When Bill Gunn was approached to make Ganja & Hess as a follow-up to the commercially successful blaxploitation horror Blacula (1972), his backers were unsurprisingly left baffled by the result. Gunn’s film broke multiple barriers on release, not merely because he made his vampires Black and featured full-frontal male nudity (both of which were rarely seen on screen at the time), but because – unlike in most of Hollywood’s output at the time, blaxploitation or otherwise – his Black characters were affluent and refined. Doctor Hess is a cultured man of means who lives in a lavish pile on the Hudson.

With a narrative that includes documentary-style scenes of gospel singers, back-and-forth personal reflections, experimental editing and flashbacks, Ganja & Hess stands apart as a cultural landmark and a particularly rebellious, sophisticated entry to the genre. In Gunn’s hands, vampirism is a tool for exploring Black assimilation and the hypocrisies of organised religion.

Martin (1976)

Director: George A. Romero

Martin (1977)

While ‘Godfather of the Dead’ George A. Romero’s contribution to vampire lore contains all the expected gore, he opens a new vein with Martin, a surprisingly downbeat work of social realism about a serial killer who believes he’s a creature of the night.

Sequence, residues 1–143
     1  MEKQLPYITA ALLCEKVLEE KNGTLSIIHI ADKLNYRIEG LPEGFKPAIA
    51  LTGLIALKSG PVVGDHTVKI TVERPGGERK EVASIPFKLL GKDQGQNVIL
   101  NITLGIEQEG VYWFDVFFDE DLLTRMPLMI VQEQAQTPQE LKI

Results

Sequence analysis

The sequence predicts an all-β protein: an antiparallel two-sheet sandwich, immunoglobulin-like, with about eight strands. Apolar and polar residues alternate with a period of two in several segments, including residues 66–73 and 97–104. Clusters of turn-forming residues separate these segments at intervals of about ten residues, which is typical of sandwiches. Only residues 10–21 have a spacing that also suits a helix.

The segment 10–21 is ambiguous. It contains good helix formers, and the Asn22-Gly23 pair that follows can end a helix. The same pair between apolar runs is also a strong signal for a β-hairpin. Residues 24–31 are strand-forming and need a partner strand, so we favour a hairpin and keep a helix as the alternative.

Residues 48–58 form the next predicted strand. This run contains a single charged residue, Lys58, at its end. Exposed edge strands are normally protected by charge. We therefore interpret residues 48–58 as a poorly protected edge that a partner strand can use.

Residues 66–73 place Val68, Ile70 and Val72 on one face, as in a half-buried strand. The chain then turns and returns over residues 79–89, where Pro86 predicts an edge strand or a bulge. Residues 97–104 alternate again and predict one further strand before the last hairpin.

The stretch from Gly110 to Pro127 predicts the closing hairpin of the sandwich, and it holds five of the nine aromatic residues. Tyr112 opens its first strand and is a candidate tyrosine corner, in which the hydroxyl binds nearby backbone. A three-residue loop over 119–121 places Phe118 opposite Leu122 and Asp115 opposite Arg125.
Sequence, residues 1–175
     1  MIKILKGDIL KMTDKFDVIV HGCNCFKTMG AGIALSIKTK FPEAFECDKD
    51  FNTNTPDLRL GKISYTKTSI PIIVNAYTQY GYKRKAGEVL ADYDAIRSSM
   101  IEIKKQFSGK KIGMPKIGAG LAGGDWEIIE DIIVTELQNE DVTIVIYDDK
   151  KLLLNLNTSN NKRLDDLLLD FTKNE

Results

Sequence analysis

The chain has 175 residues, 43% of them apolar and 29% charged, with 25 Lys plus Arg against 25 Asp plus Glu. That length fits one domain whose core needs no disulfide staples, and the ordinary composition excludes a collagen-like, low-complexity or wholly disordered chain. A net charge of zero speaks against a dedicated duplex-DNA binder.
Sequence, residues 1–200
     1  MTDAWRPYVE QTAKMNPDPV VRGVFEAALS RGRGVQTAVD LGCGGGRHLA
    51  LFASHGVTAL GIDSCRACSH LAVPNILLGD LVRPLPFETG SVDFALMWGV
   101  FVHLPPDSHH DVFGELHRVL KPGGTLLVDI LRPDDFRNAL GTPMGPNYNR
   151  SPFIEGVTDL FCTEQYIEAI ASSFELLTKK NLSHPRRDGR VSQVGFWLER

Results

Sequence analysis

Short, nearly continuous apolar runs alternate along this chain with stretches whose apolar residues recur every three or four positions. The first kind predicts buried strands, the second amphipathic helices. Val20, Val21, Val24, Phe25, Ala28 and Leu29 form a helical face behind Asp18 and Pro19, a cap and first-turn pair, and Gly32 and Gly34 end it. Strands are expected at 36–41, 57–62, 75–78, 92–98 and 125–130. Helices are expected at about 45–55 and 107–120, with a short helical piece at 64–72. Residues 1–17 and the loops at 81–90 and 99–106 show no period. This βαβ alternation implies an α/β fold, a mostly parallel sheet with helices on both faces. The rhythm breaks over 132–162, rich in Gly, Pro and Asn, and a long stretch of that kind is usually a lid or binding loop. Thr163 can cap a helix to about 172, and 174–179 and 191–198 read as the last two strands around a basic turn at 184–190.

Set in a suburban neighbourhood in decline, this is a story of alienation through the eyes of a second-generation immigrant and his religious father. Introducing ambiguity through a mentally unwell narrator was rare, though not new in the world of vampire films – six years prior, John D. Hancock’s 1971 film Let’s Scare Jessica to Death took this approach in its heartbreaking exploration of mental illness and gaslighting. But Romero was the first to remove any doubt as to where the real monsters lurked. Martin is at once a shrewd satire of literary vampires and an intelligent exploration of religious fundamentalism, loneliness and ignorance run amok.

Nosferatu the Vampyre (1979)

Director: Werner Herzog

Nosferatu the Vampyre (1979)

The prospect of eternal life in exchange for sunbathing privileges and a solid diet doesn’t sound too bad a deal, until we meet Werner Herzog’s Nosferatu (Klaus Kinski). Bringing Aristotelian tragedy to the proceedings, in Herzog’s remake of the 1922 classic eternal life is the count’s curse: watching centuries pass in the blink of an eye spawns nothing but aching dread. 

Less a horror about a supernatural being and more a meditation on the horrors of infinite loneliness, Herzog brings pathos to this prince of darkness and makes him altogether more human in the process. Like an addict and their vice, the count craves blood at a primal level – and he despises himself for it. When our hero Jonathan Harker (Bruno Ganz) cuts his thumb slicing bread, the nocturnal lord leaps forward and offers to suck the wound clean. “It’s the oldest remedy in the world”, he says in his sad, creaky voice. He, of all people, would know. 

Near Dark (1987)

Director: Kathryn Bigelow

Near Dark (1987)